Enfilade

New Book | Colour, Art, and Empire

Posted in books by Editor on April 7, 2014

From Macmillan:

Natasha Eaton, Colour, Art, and Empire: Visual Culture and the Nomadism of Representation (London: I. B. Tauris, 2013), 416 pages, ISBN: 978-1780765198, $105.

9781780765198Colour, Art and Empire explores the entanglements of visual culture, enchanted technologies, waste, revolution, resistance and otherness. The materiality of color offers a critical and timely force-field for approaching afresh debates on colonialism. Located at the thresholds of nomenclature, imitation, mimesis and affect, this book analyses the formation of color and politics as qualitative overspill. Here color can be viewed both as central and supplemental to early photography, the totem, alchemy, tantra and mysticism. From the 18th-century Austrian empress Maria Theresa, to Rabindranath Tagore and Gandhi, to 1970s Bollywood, color makes us adjust our take on the politics of the human sensorium as defamiliarizing and disorienting.

Color wreaks havoc with western expectations of biological determinism, objectivity and eugenics. Beyond the cracks of such discursive practice, color becomes a sentient and nomadic retort to be pitted against a perceived colonial hegemony. Its alter materiality’s and ideological reinvention as a resource for independence struggles, makes color fundamental to multivalent genealogies of artistic and political action and their relevance to the present.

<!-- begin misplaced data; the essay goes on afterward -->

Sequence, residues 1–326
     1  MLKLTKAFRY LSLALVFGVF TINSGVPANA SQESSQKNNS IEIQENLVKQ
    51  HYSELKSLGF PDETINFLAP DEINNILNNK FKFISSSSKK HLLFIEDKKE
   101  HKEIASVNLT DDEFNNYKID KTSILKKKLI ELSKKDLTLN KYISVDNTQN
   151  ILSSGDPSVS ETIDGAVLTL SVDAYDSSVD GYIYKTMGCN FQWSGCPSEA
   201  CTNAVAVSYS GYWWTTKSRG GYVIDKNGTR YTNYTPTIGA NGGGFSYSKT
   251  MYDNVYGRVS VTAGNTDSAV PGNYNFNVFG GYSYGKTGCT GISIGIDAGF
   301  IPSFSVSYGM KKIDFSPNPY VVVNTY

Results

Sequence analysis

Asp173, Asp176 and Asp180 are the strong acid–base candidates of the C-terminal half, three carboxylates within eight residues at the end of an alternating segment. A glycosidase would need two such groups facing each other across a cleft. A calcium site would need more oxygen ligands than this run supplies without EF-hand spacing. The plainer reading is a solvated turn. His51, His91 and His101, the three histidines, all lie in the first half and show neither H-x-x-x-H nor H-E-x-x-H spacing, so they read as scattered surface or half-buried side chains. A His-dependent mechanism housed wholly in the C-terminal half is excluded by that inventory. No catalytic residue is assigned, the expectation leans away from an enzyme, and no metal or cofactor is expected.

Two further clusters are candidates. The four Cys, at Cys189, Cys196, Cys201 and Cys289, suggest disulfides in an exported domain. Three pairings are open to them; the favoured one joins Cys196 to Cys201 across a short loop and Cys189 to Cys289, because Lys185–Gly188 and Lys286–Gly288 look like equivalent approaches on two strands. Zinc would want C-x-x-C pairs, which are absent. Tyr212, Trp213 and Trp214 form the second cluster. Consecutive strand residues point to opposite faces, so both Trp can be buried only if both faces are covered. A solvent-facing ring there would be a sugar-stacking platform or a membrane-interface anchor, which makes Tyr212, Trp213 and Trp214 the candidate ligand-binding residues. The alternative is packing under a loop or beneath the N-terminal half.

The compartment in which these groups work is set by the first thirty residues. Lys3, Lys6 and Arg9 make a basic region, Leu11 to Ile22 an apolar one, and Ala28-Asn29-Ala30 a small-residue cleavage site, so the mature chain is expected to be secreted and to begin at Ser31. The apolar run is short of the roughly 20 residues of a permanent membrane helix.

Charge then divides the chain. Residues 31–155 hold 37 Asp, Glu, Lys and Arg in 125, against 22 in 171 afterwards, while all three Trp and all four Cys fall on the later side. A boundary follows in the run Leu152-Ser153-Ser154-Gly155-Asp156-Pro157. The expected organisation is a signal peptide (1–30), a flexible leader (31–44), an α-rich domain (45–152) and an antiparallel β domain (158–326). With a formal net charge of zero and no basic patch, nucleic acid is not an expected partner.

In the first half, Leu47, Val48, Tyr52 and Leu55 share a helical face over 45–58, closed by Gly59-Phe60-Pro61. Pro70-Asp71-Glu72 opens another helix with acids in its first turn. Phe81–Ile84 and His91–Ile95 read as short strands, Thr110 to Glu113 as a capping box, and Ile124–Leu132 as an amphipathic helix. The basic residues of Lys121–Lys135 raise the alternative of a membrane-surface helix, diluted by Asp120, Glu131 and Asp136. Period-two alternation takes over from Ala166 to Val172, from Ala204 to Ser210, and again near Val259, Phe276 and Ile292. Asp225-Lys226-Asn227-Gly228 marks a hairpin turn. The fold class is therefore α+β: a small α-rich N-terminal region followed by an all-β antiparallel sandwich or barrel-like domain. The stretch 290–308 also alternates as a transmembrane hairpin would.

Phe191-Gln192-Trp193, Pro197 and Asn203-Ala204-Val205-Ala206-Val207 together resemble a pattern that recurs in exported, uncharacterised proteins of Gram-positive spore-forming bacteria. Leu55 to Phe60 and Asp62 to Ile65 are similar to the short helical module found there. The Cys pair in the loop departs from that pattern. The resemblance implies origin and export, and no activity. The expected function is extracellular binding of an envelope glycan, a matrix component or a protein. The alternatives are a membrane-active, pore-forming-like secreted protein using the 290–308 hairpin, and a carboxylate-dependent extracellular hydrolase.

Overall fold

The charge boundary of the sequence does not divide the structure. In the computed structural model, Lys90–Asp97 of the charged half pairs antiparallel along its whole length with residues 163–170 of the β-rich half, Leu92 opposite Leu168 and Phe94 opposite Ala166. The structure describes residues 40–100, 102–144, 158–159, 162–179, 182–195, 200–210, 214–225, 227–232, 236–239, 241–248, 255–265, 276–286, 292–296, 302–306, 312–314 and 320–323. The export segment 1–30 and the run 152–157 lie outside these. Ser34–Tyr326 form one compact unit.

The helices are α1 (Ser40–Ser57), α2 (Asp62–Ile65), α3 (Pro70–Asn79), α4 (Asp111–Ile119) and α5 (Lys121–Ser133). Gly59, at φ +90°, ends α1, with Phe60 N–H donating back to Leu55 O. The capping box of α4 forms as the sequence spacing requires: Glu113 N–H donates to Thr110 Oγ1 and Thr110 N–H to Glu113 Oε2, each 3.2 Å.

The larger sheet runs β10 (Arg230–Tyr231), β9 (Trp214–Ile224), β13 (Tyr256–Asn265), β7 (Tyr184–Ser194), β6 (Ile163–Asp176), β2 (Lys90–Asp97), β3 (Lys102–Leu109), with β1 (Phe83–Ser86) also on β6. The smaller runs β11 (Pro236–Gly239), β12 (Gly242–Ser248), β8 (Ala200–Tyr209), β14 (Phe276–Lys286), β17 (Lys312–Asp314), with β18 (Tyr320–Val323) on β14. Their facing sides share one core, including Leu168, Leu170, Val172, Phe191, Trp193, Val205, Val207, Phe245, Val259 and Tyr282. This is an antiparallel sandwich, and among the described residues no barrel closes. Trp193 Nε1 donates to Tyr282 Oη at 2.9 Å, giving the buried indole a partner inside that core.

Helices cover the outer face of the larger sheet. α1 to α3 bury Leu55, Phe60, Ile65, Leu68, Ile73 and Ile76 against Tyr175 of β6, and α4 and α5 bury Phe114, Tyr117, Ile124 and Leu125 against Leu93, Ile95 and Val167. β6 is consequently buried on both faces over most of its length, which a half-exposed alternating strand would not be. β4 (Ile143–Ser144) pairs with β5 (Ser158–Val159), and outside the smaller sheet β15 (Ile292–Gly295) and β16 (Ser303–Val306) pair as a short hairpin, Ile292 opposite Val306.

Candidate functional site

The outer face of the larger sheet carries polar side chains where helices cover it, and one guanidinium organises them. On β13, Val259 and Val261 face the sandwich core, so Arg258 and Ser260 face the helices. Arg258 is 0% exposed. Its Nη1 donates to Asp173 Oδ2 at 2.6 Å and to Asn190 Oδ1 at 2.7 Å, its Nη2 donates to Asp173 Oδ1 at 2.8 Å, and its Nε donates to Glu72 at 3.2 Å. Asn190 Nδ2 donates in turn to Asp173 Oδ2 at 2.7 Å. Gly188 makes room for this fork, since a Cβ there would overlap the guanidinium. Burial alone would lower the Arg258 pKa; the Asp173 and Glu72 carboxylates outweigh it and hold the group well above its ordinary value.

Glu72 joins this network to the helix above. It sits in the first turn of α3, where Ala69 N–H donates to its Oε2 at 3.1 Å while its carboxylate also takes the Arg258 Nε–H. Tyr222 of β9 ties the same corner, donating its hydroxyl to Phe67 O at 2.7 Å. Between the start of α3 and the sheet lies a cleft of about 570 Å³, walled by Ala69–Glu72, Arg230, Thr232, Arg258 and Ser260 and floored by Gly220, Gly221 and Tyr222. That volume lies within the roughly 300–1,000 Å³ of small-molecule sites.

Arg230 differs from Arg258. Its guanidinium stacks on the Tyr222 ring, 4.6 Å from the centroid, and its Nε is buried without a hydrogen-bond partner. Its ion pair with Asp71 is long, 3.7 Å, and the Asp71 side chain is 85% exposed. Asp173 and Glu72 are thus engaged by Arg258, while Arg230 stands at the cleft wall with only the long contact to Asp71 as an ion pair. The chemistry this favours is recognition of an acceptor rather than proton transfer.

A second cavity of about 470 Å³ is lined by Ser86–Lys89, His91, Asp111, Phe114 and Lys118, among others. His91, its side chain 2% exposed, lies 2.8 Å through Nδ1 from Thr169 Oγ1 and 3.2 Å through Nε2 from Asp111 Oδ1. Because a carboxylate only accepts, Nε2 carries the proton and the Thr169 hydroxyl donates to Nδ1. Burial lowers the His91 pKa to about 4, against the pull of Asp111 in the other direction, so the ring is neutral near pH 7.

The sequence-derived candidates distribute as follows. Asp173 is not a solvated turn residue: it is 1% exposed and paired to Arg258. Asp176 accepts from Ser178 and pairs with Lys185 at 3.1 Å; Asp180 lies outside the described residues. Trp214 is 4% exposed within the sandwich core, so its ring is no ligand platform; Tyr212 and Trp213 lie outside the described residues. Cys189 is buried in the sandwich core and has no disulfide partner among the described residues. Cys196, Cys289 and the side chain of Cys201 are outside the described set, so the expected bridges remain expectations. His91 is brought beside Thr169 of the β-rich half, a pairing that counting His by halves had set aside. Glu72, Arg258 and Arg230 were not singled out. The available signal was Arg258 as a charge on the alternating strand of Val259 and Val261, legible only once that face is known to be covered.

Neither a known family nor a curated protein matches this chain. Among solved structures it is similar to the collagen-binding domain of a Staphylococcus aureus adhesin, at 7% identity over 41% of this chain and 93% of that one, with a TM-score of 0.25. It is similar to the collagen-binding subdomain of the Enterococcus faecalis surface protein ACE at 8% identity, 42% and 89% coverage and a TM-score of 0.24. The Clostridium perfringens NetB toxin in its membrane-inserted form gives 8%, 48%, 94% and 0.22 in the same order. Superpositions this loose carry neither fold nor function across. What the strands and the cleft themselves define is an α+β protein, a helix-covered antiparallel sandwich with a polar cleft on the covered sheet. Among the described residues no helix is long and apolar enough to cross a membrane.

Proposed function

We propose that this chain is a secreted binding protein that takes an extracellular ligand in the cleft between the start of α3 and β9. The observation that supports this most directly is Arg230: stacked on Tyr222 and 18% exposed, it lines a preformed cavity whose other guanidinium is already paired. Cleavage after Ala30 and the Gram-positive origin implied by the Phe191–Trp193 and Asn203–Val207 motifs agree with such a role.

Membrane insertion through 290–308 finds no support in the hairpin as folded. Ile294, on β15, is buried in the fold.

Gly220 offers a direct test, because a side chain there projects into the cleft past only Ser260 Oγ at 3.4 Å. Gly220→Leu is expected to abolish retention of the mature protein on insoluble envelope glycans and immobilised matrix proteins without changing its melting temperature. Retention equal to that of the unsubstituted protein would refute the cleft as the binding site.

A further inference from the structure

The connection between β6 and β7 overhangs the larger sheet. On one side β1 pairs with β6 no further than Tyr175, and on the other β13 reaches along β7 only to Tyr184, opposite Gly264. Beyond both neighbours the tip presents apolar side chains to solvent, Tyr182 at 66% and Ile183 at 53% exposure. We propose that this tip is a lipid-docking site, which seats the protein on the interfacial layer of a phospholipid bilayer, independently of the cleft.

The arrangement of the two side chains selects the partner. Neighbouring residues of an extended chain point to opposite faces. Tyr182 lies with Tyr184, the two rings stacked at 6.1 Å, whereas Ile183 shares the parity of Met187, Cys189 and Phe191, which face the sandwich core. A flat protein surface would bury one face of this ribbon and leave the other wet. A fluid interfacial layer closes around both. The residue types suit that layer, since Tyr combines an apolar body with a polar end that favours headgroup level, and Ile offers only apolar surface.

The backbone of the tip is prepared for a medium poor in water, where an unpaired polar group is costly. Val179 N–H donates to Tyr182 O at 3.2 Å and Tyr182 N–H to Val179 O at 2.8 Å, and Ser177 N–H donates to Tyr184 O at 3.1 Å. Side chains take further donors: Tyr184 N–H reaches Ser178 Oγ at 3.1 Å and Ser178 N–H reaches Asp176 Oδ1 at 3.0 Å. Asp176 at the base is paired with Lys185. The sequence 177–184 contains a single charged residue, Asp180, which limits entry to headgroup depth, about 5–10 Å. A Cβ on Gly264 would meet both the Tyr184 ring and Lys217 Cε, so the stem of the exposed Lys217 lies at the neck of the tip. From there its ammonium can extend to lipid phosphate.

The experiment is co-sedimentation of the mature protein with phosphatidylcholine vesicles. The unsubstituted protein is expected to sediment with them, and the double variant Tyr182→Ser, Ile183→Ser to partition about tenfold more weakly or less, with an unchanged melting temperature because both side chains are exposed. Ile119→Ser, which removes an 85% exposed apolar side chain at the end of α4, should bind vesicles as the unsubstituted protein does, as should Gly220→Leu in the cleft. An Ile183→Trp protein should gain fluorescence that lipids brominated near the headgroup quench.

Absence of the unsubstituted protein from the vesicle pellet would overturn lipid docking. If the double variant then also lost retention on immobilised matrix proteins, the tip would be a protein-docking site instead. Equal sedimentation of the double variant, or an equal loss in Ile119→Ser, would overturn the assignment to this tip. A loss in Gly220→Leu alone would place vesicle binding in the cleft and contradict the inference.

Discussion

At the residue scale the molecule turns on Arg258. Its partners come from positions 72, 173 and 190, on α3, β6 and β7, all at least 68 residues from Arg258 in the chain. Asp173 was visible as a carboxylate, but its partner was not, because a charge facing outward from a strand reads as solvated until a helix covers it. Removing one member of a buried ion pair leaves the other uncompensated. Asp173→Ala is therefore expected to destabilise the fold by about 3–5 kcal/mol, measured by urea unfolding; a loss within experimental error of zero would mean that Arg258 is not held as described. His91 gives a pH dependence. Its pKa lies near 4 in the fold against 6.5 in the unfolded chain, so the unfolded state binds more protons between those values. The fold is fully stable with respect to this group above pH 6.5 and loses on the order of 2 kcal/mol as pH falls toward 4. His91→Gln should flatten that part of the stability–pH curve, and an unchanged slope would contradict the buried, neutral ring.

Natasha Eaton is a Lecturer in the History of Art at University College London.

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C O N T E N T S

1. Introduction: Chromo Zones and the Nomadism of Colour
2. Alchemy, Painting and Revolution in India, 1750–1860
3. Supplement, Subaltern Art, Design and Dyeing in Britain and South Asia, 1851–1905
4. Part 1: Still Dreaming of the Blue Flower? Race, Anthropology and the Colour Sense
5. Part 2: Creole Laboratory: Anthropology and Affect in the Torres Strait
6. Swadeshi Colour Throughout the Philtre/Filter of Indian Nationalism, 1905–1947

 

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